Setbacks for Libyan rebels mean hopes for a swift solution are focusing on secret talks in London.
An envoy of Muammar Gaddafi's regime has been in the UK, leading to speculation that negotiations may be underway for a swift exit.
Mohammad Ismail, a close aide to Colonel Gaddafi's son Saif al-Islam, has been in London for several days, the BBC reported.
The Foreign Office said Britain's stance in any such talks has been that Col Gaddafi must go.
The development comes hot on the heels of the defection of Libyan foreign minister Musa Kusa, who flew to Farnborough airport from Tunisia on Wednesday night. Tripoli said he had taken "sick leave".
UK officials are now hoping further similar detections could follow, despite foreign secretary William Hague making clear that Mr Kusa will not receive immunity from prosecution by the international criminal court.
A quick implosion of Col Gaddafi's regime now appears the most likely way of ending the international community's hastily agreed intervention in Libya.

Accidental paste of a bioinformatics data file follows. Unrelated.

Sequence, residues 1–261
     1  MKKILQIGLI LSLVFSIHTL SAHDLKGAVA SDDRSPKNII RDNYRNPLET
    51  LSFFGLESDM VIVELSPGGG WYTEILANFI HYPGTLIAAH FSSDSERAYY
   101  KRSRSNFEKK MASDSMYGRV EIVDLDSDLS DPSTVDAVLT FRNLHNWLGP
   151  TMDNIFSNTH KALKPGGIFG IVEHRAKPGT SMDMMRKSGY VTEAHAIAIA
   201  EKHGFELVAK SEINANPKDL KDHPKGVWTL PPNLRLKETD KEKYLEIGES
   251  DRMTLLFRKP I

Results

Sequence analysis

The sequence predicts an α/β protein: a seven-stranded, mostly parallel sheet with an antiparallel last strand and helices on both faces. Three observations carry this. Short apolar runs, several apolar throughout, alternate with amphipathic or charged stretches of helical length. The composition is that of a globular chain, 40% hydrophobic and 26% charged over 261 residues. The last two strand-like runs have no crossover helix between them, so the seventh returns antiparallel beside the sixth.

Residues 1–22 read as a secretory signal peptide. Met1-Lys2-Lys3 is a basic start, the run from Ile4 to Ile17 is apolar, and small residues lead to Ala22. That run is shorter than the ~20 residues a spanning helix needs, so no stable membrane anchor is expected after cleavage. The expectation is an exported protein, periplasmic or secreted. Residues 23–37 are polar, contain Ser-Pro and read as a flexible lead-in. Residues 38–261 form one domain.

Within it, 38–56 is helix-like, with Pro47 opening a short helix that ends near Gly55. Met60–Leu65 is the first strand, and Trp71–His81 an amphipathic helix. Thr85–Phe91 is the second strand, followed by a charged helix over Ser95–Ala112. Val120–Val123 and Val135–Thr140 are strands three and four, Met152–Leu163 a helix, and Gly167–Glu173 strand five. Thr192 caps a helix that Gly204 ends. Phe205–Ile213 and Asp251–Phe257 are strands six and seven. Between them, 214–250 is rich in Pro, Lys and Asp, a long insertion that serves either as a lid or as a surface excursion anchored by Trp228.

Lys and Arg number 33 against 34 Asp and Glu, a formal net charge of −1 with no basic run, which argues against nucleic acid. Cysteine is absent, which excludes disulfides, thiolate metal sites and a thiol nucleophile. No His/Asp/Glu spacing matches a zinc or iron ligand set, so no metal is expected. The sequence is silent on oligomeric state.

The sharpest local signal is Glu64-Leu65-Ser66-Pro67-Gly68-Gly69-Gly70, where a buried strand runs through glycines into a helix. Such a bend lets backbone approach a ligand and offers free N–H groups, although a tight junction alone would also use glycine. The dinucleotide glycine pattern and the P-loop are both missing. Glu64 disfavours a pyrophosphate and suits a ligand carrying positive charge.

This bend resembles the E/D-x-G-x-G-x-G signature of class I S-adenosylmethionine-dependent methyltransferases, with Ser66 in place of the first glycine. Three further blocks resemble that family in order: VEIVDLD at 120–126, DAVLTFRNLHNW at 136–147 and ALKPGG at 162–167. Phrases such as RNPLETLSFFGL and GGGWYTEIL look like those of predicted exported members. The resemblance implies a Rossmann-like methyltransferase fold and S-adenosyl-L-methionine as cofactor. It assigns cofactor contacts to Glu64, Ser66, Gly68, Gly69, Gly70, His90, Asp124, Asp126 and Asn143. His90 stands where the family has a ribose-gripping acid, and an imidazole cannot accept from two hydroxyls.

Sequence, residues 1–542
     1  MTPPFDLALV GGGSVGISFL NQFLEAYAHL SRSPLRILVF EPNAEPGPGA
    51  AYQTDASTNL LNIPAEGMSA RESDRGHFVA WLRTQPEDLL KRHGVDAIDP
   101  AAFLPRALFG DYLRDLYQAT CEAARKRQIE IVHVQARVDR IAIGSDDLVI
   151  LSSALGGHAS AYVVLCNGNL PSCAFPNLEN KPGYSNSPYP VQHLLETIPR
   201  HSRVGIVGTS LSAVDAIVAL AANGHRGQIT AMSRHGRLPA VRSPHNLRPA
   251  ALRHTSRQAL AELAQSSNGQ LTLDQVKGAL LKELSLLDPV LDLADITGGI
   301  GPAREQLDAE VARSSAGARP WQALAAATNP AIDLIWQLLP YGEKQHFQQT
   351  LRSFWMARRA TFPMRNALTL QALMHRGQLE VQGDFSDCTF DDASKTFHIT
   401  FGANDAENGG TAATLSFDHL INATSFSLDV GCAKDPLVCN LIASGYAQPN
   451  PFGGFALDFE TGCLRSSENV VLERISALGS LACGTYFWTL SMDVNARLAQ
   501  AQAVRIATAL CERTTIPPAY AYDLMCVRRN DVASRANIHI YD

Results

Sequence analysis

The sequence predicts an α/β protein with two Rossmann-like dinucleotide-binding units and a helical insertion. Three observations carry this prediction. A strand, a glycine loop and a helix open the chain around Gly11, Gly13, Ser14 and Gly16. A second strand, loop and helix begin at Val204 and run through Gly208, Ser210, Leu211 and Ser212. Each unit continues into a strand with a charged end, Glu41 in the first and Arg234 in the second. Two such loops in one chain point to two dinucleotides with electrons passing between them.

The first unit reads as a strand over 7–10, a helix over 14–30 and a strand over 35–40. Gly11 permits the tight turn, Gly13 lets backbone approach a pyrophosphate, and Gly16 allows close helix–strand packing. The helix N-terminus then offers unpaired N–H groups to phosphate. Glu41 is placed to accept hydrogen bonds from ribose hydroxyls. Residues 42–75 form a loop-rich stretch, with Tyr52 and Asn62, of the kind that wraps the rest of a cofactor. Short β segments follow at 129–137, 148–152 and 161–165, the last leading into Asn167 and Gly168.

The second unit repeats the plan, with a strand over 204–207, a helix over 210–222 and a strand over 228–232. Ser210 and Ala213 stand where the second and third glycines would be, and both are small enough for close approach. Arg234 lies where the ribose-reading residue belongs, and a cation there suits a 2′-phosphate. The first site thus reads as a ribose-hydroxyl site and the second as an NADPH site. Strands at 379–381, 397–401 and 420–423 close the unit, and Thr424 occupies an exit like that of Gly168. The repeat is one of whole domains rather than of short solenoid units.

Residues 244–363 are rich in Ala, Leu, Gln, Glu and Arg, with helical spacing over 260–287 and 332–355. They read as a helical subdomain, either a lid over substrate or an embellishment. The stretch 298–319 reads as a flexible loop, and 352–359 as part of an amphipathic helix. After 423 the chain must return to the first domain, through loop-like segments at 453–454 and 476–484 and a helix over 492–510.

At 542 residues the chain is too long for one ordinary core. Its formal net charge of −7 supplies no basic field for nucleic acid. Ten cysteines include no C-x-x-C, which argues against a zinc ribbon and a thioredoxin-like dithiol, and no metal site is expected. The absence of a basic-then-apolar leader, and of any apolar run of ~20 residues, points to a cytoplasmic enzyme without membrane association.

After advancing as far west as Col Gaddafi's hometown of Sirte last weekend, rebel forces have been driven back to Brega, with Ajdabiya - the last town on the road to Benghazi - now under threat.
Rebels offered a ceasefire on the condition that Col Gaddafi's forces withdraw from the cities - including Misrata, where loyalists have been on the offensive.
Tanks and artillery saw them push into the city on Friday, the Reuters news agency reported, sparking concerns about the safety of civilians there.
The emerging stalemate could tempt Britain, France and the US to reinterpret UN security council resolution 1973, which commits to maintaining an arms embargo against both sides.
Earlier this week US president Barack Obama signalled for the first time he was prepared to consider assisting those fighting against Col Gaddafi.
The Campaign Against Arms Trade organisation said in a statement: "There is no guarantee that arms reaching rebel forces would be used to protect civilians (the intention of Resolution 1973) and it is very likely that they would make the situation of civilians more perilous, especially if government forces reoccupied rebel-held territory or rebel forces occupied government territory."